As noble and big-hearted as “inclusiveness” sounds — and who doesn’t want to feel included? — it never seems to come without a threat of persecuting those who don’t jump on the bandwagon.   Few people have shown less tolerance for opposition than those who have made “tolerance” their shibboleth.  Few people have shown themselves more willing to engage in foul-mouthed slanders and violent threats than those who claim to be against hate. Menino’s ill-informed rant, then, is of a piece with the general authoritarian, intolerant hypocrisy of the social left:  “Do unto your opponents as you accuse them of doing unto others.” 

But what Menino hopes to get out of the blast is unclear, since he needs no super-issue to bolster a flagging popularity or secure a sixth term; perhaps he’s looking at the governor’s office? Or a shot at the Senate?   If so, then Menino takes a greater risk than some may think.  For the Bay State was forced to allow gay marriage by judicial ukase, not popular will; wherever the issue has been left to the people, even in the bluest of blue states, gay marriage initiatives have been defeated.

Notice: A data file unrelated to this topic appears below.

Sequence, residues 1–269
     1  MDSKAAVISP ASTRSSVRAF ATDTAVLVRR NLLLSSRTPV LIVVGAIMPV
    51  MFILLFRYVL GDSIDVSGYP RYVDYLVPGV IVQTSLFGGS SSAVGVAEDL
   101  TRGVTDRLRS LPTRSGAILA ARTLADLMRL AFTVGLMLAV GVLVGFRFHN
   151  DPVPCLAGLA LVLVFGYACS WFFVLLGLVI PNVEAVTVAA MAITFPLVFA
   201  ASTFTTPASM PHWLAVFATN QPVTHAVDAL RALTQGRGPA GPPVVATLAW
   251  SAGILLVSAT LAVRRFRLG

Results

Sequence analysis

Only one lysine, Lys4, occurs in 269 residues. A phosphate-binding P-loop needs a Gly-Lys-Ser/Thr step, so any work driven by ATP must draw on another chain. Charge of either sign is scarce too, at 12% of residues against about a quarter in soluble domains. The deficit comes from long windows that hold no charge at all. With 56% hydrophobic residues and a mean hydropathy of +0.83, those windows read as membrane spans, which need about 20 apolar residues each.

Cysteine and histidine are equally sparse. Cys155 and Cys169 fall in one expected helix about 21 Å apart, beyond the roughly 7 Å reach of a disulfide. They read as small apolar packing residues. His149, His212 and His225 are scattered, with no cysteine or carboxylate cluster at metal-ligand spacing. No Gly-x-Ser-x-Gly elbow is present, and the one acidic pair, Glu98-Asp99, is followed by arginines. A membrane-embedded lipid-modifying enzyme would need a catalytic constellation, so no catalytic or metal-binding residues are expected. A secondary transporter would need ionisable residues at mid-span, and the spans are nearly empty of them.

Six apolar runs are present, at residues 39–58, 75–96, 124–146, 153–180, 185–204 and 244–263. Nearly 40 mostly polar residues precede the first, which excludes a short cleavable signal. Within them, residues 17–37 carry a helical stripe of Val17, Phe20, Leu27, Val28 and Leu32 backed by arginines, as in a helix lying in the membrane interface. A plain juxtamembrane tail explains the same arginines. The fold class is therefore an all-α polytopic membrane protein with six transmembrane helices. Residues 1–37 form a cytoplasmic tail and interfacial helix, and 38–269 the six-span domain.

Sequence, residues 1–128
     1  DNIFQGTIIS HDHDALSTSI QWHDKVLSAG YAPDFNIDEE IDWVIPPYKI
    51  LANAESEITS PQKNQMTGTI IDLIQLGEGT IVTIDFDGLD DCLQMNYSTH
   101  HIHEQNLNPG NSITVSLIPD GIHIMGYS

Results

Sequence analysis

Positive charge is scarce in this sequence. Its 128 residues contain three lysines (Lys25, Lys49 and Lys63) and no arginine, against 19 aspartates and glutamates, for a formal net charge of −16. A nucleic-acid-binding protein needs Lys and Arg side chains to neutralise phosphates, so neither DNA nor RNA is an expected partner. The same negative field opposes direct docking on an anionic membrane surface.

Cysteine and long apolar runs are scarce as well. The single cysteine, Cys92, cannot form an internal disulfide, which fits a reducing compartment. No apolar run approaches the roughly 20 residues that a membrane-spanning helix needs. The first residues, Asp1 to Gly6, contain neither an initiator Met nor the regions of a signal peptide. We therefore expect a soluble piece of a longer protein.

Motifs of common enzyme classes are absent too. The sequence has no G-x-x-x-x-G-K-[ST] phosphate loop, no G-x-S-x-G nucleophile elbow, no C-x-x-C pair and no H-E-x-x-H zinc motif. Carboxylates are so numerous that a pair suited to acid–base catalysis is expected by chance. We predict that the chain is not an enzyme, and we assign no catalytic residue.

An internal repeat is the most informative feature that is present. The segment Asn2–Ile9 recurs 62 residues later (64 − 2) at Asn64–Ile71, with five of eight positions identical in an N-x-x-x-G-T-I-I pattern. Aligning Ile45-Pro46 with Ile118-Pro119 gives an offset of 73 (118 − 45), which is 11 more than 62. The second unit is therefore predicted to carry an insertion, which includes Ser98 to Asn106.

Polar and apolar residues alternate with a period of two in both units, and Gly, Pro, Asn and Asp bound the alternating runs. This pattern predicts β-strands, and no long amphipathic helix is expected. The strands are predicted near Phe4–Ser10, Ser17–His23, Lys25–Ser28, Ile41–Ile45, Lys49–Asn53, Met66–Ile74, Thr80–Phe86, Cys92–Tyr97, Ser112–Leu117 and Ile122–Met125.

Gay rights advocates like to speak with triumphalist smugness of being “on the right side of history” (how quaintly Marxist an expression!).  In the end, though, history is not a blind force that pushes us to inevitable progress.  Rather, history is the narrative we choose to impose on past events; one storyteller’s inevitable progress is another’s unfortunate regress.  Being “on the right side of history” simply means being lucky enough to guess which way the wind is going to blow, and for how long.

But if you guess wrong, then you’re sitting adrift in a becalmed boat, your sails set to catch a breeze that never arises.  That’s when politicians become statesmen … another word for “unemployed”.